Ahman Green, RB, Packers: I liked him in the preseason because the Packers had imported the Broncos, zone-blocking running game (which serves one-cut runners like Green very well). But then I went off him because of the nagging injuries. Now, he's reeled off three 100-yard games in a row. I'd sell him now that you can get a nifty return. Maybe for a disappointing Chad Johnson, for example.


Joey Galloway, WR, Bucs: QB Bruce Gradkowski and the Bucs are a joke, going three-and-out on 38 percent of the their drives (worst in football). Galloway's two TDs last week are not a sign of things to come.

Ben Roethlisberger, QB, Steelers: The stats are nice. But there's an
alarming lack of efficiency in his game. And still way too many mistakes (14 picks in sevens starts). Ultimately, Roethlisberger owners are going to need a whole lot more quality because it's
unreasonable to expect 50 attempts a game. There is lots of statistical evidence this Steelers team has badly underachieved on both sides of the ball, so I think they will be the team going forward that most thought they'd be in August. This means less passing for Big Ben.


Randy Moss, WR, Raiders: Well, so much for Randy. I can't watch the
Raiders anymore. Art Shell (head coach) and Jackie Slater (offensive line coach) are better right now (I'm half serious) than what the Raiders are fielding on that so-called offensive line. When you can't protect, you have no downfield passing game. So, how is Moss making any plays?

Rex Grossman, QB, Bears: I don't want to overstate this. Maybe Bernard Berrian
won't be out too long or maybe Gage will be good. But, for now, the Bears have lost their key weapon to attack the third level of the defense. That's what you need to have a big-league NFL passing game. One guy to occupy the safeties (had been Berrian), another to attack the middle hash (Clark) and another to make the chain-moving plays underneath (Muhsin Muhammad). If defenses no longer feel threatened deep, they can really smother the other receivers and use the safeties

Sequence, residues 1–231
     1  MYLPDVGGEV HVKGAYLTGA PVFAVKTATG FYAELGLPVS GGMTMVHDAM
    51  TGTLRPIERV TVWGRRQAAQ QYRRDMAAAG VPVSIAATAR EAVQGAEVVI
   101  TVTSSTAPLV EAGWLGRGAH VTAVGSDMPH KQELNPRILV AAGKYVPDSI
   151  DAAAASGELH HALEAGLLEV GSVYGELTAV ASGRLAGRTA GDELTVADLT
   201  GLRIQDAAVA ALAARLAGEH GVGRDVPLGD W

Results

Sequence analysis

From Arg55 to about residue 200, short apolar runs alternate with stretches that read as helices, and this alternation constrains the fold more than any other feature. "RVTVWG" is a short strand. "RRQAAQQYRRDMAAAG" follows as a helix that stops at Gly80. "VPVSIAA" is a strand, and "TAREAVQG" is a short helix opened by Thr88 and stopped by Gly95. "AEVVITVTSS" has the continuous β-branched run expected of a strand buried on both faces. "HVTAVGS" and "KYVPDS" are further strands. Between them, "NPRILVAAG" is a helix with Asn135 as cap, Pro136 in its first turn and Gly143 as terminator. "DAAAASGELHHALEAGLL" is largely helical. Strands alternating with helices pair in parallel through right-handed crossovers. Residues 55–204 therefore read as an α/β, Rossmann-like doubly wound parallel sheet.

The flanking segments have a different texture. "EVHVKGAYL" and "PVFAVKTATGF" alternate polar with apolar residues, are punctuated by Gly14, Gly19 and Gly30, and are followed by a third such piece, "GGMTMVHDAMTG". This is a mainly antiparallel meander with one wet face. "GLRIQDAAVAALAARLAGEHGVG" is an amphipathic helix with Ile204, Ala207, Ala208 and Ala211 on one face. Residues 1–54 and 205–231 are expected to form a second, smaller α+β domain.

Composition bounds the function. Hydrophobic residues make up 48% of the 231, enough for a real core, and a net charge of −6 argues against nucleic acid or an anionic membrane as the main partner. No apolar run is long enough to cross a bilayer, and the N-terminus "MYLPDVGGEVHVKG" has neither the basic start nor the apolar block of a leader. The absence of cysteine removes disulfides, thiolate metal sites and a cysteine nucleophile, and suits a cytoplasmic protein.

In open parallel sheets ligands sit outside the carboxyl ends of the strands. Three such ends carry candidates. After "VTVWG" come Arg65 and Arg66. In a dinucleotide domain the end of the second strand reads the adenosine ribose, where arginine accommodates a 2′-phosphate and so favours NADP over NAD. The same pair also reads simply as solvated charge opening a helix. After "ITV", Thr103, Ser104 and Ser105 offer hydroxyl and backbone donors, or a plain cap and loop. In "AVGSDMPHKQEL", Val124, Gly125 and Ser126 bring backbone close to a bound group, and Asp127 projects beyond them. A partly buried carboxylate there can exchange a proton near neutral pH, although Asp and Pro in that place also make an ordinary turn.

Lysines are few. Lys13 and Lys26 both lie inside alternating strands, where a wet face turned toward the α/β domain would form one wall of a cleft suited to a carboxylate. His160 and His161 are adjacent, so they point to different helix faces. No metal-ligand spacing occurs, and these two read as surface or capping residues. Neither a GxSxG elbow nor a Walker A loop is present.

to blitz, mix more man and zone and generally make the field a lot smaller (and the reads a lot harder) for Grossman.

Reggie Bush, RB, Saints: Can we say he's a bust? Or does that get us thrown into Guantanamo or something? After minus-five yards on 11 carries last week, Bush is averaging 2.5 yards per pop. And he's not doing much at all with all those catches either (6.8 yards per

Rudi Johnson, RB, Bengals: He has value. The Bengals might turn it around offensively. But it just as likely might be a blah year for Carson Palmer, who has altered his mechanics to protect his surgically repaired knee. The Bengals are 27th in percentage of three-and-out drives.

Reggie Brown, WR, Eagles: Here's your NFL leader in drops (seven). The Eagles are about average in three-and-out percentage, not what you look for from a supposedly dominant unit. Brown's rep is as a No. 1 receiver right now, but he can easily slide all the way down to fourth
option now that Donte Stallworth is healthy.

Shaun Alexander, RB, Seahawks: On and on it goes with the broken foot. Now he's out for Week 10. I thought the initial prognosis was overly optimistic, but this is now longer than the most dire predictions. Is he going to go full speed when he comes back, or will he split carries like Larry Fitgerald is splitting plays at No. 1 receiver for Arizona this week?

Santana Moss, WR, Redskins: He's likely going to be a game-time decision at best and has never been a quick healer. Moss is a tightly wound guy and really relies on his explosion to generate the separation needed to overcome his lack of size, so anything less than 100 percent of Moss is not likely to be good enough to start.

Article first appeared 11/7/06